The President of the United States and the governors of each state have widespread powers available to them to implement gun control policies. As well as federal legislation relating to the ownership of guns, there is also a bewildering array of state legislation in place, ranging from the restrictive, such as in Massachusetts, Hawaii, and New York, to the permissive, such as in Florida, Texas, and Ohio.
In all state constitutions, there is a provision similar to the Second Amendment to the United States Constitution, which relates to the right to bear arms. As with all constitutional provisions, it is wide open to all kinds of interpretations. Hence the radical differences in gun laws from state to state.
In the realm of gun legislation, we see a prime illustration of politics as the art of the possible. Technically speaking, the president as well as all fifty governors could take quite firm, decisive action to restrict the sale and possession of weapons. But in reality, it's not often possible to do so.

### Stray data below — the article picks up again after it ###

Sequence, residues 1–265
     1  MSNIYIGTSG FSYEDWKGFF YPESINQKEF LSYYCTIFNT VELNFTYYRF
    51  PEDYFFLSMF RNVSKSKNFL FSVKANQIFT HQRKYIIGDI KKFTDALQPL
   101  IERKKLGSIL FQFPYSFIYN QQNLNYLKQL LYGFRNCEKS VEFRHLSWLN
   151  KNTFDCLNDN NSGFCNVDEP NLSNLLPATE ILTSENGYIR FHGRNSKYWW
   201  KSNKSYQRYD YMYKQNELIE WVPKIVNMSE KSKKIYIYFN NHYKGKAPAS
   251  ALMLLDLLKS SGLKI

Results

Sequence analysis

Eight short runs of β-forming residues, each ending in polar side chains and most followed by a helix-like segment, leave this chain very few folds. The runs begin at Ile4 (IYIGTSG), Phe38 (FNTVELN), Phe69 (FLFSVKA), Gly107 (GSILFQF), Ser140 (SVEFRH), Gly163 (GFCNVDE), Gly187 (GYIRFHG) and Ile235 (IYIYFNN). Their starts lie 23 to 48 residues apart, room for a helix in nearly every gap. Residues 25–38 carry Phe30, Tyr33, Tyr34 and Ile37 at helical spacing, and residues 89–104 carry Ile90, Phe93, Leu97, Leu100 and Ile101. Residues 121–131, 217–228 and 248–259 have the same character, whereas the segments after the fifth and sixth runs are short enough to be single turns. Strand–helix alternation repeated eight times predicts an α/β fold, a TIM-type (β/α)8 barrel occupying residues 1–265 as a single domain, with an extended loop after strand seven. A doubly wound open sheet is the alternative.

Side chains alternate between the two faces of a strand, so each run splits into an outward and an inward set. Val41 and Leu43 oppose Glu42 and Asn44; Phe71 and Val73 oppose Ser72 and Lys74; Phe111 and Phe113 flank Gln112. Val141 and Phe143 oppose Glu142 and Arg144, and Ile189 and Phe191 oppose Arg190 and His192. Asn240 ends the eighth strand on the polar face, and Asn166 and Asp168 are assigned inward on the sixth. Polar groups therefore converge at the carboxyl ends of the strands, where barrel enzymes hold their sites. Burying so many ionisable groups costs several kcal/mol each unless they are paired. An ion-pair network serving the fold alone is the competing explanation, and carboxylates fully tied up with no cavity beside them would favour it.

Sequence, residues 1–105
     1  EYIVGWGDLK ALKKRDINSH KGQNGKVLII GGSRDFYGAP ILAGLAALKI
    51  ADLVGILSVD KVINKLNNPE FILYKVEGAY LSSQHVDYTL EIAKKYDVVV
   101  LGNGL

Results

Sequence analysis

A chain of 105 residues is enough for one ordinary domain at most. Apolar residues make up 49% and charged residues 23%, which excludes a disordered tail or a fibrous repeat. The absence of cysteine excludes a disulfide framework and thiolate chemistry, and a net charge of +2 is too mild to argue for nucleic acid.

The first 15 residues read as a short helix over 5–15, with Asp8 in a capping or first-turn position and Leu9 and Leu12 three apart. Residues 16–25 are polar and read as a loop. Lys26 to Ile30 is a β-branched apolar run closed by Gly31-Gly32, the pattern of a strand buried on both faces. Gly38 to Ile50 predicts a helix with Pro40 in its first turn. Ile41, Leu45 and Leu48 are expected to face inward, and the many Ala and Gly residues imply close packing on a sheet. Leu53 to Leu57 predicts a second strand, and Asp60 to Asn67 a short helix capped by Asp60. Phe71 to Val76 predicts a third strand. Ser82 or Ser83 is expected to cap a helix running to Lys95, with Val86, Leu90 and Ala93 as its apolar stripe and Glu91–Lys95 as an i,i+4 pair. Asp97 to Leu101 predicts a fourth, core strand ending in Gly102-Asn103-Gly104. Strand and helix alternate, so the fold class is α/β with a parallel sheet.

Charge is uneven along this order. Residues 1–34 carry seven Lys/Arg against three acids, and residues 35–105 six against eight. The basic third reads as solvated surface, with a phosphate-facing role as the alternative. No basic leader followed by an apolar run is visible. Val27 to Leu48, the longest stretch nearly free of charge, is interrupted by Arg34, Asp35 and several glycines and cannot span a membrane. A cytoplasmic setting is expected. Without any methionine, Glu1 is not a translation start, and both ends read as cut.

For Republican presidents, such as the present incumbent, such action would be politically impossible, given the firm support for Second Amendment rights among members of their party. The National Rifle Association (NRA) was a major financial contributor to Donald Trump's 2016 campaign and looks set to contribute even more money to his reelection campaign later this year.
At the state level, NRA influence is also a very strong factor. But an even stronger one is the fact that tough gun laws are deeply unpopular in some states. If the governor of, say, West Virginia were to propose cracking down on the sale, manufacture, and possession of firearms, then one can be absolutely certain that they wouldn't be governor for much longer. Yes, a governor, just like a president, can show leadership on such a crucial issue; but in most cases, it's difficult to do that without losing office. For most elected officials, political considerations come first, especially so when it comes to gun laws.